Conservative: 298
Labour: 249
Liberal Democrats: 25
SNP: 54

In this scenario, the Conservatives would remain the largest party and could only be defeated by a coalition which relied on the support of the SNP. Such a coalition would likely be disastrous, infuriating millions of people. Moreover, a Lib-Lab-SNP coalition would have to explain how it is legitimate that a group of parties with only around 43% of the vote had a mandate to govern.

But that whole hypothetical scenario is itself, of course, ludicrously idealised. Those many English voters who are frightened of the SNP propping up a national government would, for example, be less likely to vote for the Liberal Democrats. Moreover, all the seat gains from this pact, with the exception of two Lib Dem gains from the SNP, are gains from the conservatives. This would obviously require many Lib Dem voters in Tory constituencies to vote for Labour, and many Labour voters to switch tactically to the Lib Dems (when they already had not done so); it is clearly preposterous to think that the many left-wing Labour voters who are presently very angry at the Lib Dems, or that the Lib Dem voters who might prefer the conservatives over Labour are directly transferable voters between the two parties. The coalition, rightly or wrongly, alienated many left-leaning Lib Dem sympathisers; any pact with Labour would likely alienate many right-leaning Lib Dems too- the Lib Dems would be depicted as unprincipled and power-hungry. It is likely that any pact would therefore affect the outcome of Lib Dem and Labour Tory marginals. It is also unclear how the prospect of improved Labour and Lib Dem success would affect the tactical voting of, say, UKIP voters. Moreover, in the event of a pact, presumably both parties would have to entirely accurately identify in advance of the election in which constituencies agreements of one party not to stand would affect the outcome- which, even if polling were entirely credible, would be no simple task.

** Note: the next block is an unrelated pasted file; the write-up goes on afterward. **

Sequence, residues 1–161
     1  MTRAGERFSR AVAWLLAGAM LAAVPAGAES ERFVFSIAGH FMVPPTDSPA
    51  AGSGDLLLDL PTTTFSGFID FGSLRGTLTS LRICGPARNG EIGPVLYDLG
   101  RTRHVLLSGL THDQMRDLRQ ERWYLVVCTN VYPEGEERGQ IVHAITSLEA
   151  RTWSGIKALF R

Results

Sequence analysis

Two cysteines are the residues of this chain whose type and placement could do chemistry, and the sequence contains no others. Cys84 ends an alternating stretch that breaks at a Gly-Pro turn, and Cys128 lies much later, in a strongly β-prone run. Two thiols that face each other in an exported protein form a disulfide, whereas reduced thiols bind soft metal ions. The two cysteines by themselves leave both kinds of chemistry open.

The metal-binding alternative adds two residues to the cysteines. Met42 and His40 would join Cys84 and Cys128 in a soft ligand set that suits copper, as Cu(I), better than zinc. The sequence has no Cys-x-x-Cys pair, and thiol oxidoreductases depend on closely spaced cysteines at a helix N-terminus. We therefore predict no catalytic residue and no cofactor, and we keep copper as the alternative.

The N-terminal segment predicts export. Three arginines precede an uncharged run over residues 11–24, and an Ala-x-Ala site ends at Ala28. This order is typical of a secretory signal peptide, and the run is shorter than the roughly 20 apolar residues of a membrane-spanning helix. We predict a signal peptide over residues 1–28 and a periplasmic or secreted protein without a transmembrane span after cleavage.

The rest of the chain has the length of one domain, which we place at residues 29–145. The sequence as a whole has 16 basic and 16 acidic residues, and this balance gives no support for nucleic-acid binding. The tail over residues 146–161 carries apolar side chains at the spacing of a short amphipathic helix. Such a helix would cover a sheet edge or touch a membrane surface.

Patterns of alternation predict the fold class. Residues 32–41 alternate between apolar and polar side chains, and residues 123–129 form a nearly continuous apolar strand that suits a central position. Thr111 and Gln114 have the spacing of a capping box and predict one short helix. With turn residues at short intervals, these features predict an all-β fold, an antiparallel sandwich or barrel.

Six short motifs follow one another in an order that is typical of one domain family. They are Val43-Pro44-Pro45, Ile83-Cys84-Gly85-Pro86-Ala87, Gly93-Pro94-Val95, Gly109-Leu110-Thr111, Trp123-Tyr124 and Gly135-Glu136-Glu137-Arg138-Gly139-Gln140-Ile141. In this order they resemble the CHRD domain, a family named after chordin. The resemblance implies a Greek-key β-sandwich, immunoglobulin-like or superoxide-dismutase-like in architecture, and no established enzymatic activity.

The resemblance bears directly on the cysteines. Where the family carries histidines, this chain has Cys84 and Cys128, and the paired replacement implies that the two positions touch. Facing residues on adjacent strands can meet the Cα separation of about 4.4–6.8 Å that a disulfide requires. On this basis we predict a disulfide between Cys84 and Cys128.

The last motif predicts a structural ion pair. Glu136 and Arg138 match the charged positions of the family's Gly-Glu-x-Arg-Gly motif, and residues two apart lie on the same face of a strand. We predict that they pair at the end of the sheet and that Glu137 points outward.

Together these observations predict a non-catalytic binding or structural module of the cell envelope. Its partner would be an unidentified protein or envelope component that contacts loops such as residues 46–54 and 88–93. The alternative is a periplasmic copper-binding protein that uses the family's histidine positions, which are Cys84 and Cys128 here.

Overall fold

In summary, the risks of any pact would be severe and the advantages uncertain.

Peter Wrigley said...

I think we should keep our minds open re a re-alignment of the left. Things may look very different in a couple of years' time. In my view any serious discussion with Labour should be dependent on a cast iron guarantee of their support for the implementation (not just bringing forward proposals and then not voting the time to discuss them)of proportional representation by single transferable vote in multi-member constituencies. and nothing less.